On or about 12 August 2000, the tenth unit of the Oscar-II class, the K-141 Kursk, sank about 100 miles from the Russian port of Murmansk. At the time the boat was participating in the fleet's major summer exercises, involving about 30 other vessels. The Kursk apparently sank quickly, and did not launch distress buoys. The submarine was not carrying any nuclear weapons at the time, and there was apparently no immediate danger of radiation leaks. Considerable confusion surrounded initial reports, though apparently the Kursk shut down its two nuclear reactors after it was crippled. Although Russian Navy commander Adm. Vladimir Kuroyodev stated that there were "signs of a big and serious collision," subsequent reports cast doubt that the sub was damaged in a collision. The US Department of Defense stated that there was " no indication that a US vessel was involved in this accident." By 15 August it was generally believed that the Kursk had been damaged by an explosion on board, probably in the torpedo room.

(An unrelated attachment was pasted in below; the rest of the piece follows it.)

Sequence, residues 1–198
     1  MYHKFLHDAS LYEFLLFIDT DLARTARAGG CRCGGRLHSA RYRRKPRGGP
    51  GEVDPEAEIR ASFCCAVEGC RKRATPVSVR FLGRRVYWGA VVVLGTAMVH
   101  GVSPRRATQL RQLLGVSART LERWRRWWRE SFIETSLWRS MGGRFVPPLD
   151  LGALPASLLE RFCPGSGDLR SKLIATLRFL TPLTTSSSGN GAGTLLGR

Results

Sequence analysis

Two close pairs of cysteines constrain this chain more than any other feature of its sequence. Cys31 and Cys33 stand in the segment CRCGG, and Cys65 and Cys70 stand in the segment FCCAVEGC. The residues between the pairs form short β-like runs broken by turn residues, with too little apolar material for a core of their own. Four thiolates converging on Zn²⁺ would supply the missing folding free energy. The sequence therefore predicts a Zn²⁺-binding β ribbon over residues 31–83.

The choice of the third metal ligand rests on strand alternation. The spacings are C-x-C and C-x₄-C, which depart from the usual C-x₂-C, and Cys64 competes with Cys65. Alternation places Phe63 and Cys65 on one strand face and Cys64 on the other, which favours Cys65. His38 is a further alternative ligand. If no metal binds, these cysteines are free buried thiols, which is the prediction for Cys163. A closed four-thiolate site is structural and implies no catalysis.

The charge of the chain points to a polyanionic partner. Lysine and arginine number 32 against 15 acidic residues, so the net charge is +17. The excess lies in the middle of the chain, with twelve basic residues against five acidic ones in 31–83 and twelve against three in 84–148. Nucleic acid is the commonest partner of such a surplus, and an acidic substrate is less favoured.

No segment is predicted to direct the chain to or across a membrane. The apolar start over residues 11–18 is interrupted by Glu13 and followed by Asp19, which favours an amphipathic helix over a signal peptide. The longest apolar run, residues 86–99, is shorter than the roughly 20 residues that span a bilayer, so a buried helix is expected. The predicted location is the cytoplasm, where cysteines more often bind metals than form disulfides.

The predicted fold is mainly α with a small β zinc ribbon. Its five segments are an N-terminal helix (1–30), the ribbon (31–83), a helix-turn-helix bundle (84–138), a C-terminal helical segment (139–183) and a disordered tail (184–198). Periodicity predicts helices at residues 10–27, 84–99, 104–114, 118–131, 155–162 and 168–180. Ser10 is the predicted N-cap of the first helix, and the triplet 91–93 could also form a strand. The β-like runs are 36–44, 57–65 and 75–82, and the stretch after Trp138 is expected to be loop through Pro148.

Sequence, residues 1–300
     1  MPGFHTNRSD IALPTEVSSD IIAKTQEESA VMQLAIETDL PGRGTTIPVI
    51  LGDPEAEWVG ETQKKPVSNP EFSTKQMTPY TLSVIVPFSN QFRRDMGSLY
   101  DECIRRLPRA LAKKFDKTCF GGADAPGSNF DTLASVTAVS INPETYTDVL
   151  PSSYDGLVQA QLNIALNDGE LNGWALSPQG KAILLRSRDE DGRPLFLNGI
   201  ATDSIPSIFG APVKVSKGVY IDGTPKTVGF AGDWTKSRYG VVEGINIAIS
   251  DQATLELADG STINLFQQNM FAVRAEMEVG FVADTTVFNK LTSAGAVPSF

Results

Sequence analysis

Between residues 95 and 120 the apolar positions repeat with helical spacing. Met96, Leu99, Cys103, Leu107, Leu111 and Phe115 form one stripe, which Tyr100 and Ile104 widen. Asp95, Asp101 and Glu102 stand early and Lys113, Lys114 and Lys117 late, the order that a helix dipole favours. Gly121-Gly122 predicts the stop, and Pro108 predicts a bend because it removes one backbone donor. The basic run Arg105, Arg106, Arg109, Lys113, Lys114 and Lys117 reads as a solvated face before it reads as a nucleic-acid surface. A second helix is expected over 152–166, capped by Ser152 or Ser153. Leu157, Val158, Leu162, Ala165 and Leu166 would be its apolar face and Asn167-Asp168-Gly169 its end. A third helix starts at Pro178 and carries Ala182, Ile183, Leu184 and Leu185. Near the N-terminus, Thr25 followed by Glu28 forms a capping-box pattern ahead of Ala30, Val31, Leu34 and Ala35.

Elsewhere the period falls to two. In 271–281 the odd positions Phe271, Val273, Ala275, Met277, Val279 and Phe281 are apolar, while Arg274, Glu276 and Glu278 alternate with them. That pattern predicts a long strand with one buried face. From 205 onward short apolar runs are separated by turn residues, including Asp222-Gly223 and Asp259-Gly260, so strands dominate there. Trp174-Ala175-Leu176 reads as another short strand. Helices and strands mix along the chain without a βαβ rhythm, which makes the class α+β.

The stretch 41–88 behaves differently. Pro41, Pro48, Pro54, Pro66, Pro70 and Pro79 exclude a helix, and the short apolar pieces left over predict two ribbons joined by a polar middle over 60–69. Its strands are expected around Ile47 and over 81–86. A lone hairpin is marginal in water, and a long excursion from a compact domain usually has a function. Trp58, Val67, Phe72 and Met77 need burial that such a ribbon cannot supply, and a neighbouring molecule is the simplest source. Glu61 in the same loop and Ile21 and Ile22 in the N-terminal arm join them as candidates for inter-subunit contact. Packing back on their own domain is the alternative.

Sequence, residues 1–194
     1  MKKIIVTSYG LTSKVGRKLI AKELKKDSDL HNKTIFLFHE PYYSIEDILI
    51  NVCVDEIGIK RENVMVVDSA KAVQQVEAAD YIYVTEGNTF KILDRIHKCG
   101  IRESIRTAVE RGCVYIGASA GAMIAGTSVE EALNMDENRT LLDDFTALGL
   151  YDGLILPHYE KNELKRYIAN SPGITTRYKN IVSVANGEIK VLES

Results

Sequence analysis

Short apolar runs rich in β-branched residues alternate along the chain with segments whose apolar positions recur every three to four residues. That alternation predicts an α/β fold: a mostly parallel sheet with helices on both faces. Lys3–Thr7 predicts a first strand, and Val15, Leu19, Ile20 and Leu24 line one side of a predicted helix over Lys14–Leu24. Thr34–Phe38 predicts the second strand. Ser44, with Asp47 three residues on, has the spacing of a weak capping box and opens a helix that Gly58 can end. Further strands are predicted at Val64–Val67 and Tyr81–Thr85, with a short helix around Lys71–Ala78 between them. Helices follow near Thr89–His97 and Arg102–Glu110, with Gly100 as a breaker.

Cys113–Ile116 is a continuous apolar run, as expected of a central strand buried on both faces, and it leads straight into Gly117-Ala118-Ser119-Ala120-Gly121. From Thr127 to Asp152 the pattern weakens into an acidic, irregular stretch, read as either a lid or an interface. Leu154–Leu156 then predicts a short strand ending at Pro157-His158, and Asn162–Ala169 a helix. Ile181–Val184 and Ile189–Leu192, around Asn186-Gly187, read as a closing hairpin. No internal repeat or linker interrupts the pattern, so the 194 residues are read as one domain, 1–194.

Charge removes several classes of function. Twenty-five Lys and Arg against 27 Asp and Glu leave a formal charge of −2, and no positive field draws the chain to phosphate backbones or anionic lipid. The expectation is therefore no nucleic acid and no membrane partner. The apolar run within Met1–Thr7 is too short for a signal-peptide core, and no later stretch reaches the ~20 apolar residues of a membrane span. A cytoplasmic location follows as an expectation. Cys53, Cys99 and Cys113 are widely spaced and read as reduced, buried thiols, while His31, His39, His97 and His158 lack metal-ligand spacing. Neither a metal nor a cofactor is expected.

Initial reports suggested that at least some of the crew were alive and communicating through rhythmic tapping on the hull. Rescue submarines that rushed to the Kursk reportedly found it damaged but resting upright on the seabed, at a depth variously reported as between 350 feet and 500 feet of water. Subsequent reports suggested that the submarine was listing, perhaps as much as sixty degrees. According to initial reports, as of Monday 14 August 2000 at least one rescue craft, the Kolokol, was said to be feeding power and oxygen to the Kursk. Communication links with the boat's captain, Gennady Lyachin, were reportedly restored after a day of radio silence. However, subsequent reports indicated that these initial reports were incorrect, and overly optimistic. Admiral Kuroyedov initially expressed doubts about the possiblity of rescuing the crew, stating "the chances for a positive outcome are not very high." The Russians had two India-class rescue submarines, each of which carried a pair of small rescue submarines which could reach a depth of 2,275 feet. However, these submarines and their rescue capabilities were apparently discarded by the Russians in 1995 as a cost-savings measure.